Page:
Software like Hadoop makes it possible to analyze, for instance, a photo, attach a digital signature to the photo that describes it, and to compare that signature to the signatures of extremely large numbers of other photos.

Thus unstructured data gets structure, and analyzing huge amounts of information becomes practical. Similar approaches are used to analyze buying behavior, what types of ads people respond to, even fraud.

Retail companies like Best Buy and Target are keenly interested. "Retail's been big data for decades," said Mike Webster, general manager of Oracle Retail.

Oracle sells heavy-duty software that allows companies to track purchasing, supply chain, shipping, inventory and sales in stores and on the Internet. All of the top 20 retailers in the world use Oracle.

Now, companies want to wed that type of data with information on where customers are, what they want, what they're saying on their social network, and how and when to ship products to them. As more retailers try to harness all that information, Oracle has been doing more business.

"It gets real complicated real fast," Webster said. "Our approach is to try to simplify that as best we can."

Meanwhile, the world keeps churning out data. Worldwide mobile data usage _ mostly smartphone traffic _ grew 70 percent in 2012. It was 885 petabytes per month, or 12 times more than all of global Internet traffic in 2000, according to Cisco.

The Carlson School has been offering data science electives at UM for eight years, and now wants to start a master's program in business analytics and data science. The proposal, OK'd by the Carlson faculty, awaits approval from the Board of Regents.

Bapna's vision is broader than teaching a particular software program.

He thinks the data generated by social media is an unprecedented social research graph, "a global laboratory, where we can ask fundamental questions about human behavior."

He wants to build a master's program that sculpts people with the technical training and business savvy to ask the clever questions and write the clever computer code that yields profitable insight.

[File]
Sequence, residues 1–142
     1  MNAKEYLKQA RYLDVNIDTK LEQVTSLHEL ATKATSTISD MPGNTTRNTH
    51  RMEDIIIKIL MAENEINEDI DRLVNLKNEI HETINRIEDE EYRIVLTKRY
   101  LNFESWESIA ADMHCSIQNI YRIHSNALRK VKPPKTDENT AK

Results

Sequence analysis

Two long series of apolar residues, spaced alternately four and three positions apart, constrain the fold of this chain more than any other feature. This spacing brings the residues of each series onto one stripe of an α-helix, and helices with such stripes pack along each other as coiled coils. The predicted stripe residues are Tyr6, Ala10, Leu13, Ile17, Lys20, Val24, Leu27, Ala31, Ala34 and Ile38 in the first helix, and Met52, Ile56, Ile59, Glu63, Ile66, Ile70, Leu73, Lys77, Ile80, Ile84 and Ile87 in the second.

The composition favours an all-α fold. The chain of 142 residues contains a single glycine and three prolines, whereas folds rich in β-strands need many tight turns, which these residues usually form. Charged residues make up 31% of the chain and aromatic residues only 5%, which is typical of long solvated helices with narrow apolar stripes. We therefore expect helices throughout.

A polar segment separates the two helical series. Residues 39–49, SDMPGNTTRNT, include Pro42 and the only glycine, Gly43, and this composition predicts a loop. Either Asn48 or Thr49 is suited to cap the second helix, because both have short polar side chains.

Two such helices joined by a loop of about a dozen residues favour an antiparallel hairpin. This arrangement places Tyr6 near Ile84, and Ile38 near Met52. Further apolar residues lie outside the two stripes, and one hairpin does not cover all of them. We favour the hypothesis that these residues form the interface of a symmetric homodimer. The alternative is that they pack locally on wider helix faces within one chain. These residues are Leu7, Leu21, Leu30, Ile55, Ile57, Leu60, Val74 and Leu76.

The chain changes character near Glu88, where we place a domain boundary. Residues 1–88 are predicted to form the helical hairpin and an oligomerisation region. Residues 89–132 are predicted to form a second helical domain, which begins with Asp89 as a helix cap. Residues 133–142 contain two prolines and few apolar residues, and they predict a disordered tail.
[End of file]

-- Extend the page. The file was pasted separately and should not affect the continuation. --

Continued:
Universities like Stanford, the Massachusetts Institute of Technology, University of California-Berkeley, Harvard and Carnegie Mellon already run programs that kick out data scientists, and several other universities are shifting resources toward such training. Minnesota's master's program could start as early as the fall of 2014.

For now, people tend to fall into big data jobs accidentally, Cheifetz said. Someone gets a Ph.D. in math, and ends up working on algorithms for Wall Street. An above-average IT manager learns the new software and takes ownership.

But that will change. Companies will begin to seek out workers with a strong background in computer science and statistics, and experience running predictive models, Cheifetz said. Also important is the ability to translate the data into a clear narrative. "We're almost talking about a computer science and statistics undergrad, with a minor in theater so they can talk to people," Cheifetz said.


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Source: (c) 2013 Star Tribune (Minneapolis). Distributed by MCT Information Services